I was reading The Great SF Stories 18 (1956) edited by Isaac Asimov and Martin H. Greenberg when I got diverted by the group reading of The Big Book of Science Fiction edited by Ann and Jeff VanderMeer. I had left off at the beginning of “Rite of Passage” by Henry Kuttner and C. L. Moore. The story originally appeared in the May 1956 issue of F&SF and might be Kuttner’s last SF magazine publication before he died in 1958. It was the last story that Asimov and Greenberg ran in their Great SF series by the husband and wife team.
I’ve been reading The Great SF Stories 1-25 (1939-1963) in order since 2018 and want to get back to that series and finish it. This really is a great anthology series but they’re out of print. That’s a shame. You can find them on ABEbooks and eBay but they are going up in price every year. There are pdf copies on the net if you look around. I wish DAW would reprint them and get someone to continue the series. Robert Silverberg did do #26 (1964) with Greenberg for NESFA Press which connects nicely into Wollheim/Carr’s World’s Best Science Fiction anthology series that began in 1965. However, I like how Asimov and Greenberg were reevaluating SF stories for each year decades after the fact.
I can’t say I agree with all their choices. “Rite of Passage” is a well-written tale full of ideas but little emotion, something I’ve been talking about lately. Lloyd Cole is the Black President for the Communications Corporation. Kuttner and Moore have imagined a future where people believe in magic, and Cole is the president of black magic. Corporations also have white presidents.
Here’s the kicker, magic isn’t real, but everyone believes in it. Cole’s job is to cast evil spells under contract for his clients. “Rite of Passage” is about how Cole wants to get revenge on a man who stole his wife by appearing to kill him for a client, thus providing a cover-up for his own intentions.
“Rite of Passage” is rather long, a novelette that feels like a novella. Most of the content is world-building Kuttner and Moore use to flesh out the background of the story. I only enjoyed two pages of the story, which I believe is the inspiration that Kuttner and Moore used for writing the story:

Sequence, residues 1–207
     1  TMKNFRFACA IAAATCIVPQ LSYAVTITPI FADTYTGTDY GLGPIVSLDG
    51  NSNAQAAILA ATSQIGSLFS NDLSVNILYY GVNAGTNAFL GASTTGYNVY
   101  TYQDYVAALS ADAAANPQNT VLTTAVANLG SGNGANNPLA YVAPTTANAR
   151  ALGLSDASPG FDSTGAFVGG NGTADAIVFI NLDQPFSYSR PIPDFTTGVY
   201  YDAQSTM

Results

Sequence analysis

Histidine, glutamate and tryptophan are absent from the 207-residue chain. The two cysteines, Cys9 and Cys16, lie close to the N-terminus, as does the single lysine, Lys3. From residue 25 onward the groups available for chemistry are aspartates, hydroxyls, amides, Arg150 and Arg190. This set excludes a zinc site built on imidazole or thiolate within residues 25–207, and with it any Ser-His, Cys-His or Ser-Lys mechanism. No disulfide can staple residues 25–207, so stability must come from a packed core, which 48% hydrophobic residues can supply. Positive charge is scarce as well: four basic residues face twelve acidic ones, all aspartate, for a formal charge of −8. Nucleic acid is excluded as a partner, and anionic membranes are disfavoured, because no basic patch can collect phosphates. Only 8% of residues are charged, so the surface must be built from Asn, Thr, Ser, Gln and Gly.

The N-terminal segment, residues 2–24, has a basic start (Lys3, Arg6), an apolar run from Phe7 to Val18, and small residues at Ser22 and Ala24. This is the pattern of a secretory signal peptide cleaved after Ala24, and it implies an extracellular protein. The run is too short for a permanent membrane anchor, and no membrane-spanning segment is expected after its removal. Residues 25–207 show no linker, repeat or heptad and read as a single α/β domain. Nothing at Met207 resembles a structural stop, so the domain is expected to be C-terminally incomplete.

Evidently, the stress of 20th-century life made people lose their critical thinking abilities embracing magic, with corporations exploiting that vulnerability. This is a neat idea. It’s even somewhat prophetic, but political parties are exploiting peoples’ irrationalities. This neat idea is not enough to give this story a heart. Lloyd Cole is not a nice guy, so we’re not sympathetic for his devious efforts to get his wife back. It’s somewhat ironic that others use magic against Cole, and he succumbs even though he knows magic is not real.
“Rite of Passage” is a case where the story is dominated by ideas, appealing only to our intellect. I’m sure some readers will find it amusing and even entertaining. Obviously, Asimov and Greenberg did, but I didn’t. If I had felt for Lloyd’s love for Lila, I might have cared more. Lila drives Lloyd’s revenge, but she’s only an idea, not a real character. It’s a shame that “Rite of Passage” didn’t have the depths of emotions shown in “Vintage Season.” They both seem to have the same amount of world-building.
The classic science fiction story from 1956 that Asimov and Greenberg did include having powerful emotions is “The Country of the Kind” by Damon Knight. It’s doubly impressive because the protagonist is truly unlikable. Yet Knight eventually gets us to sympathize with him.
Probably the most remembered SF story today from 1956 is “The Last Question” by Isaac Asimov. It’s another intellectual story, but it has a tremendous sense of wonder, the favorite emotion of science fiction readers.
James W. Harris, 11/27/21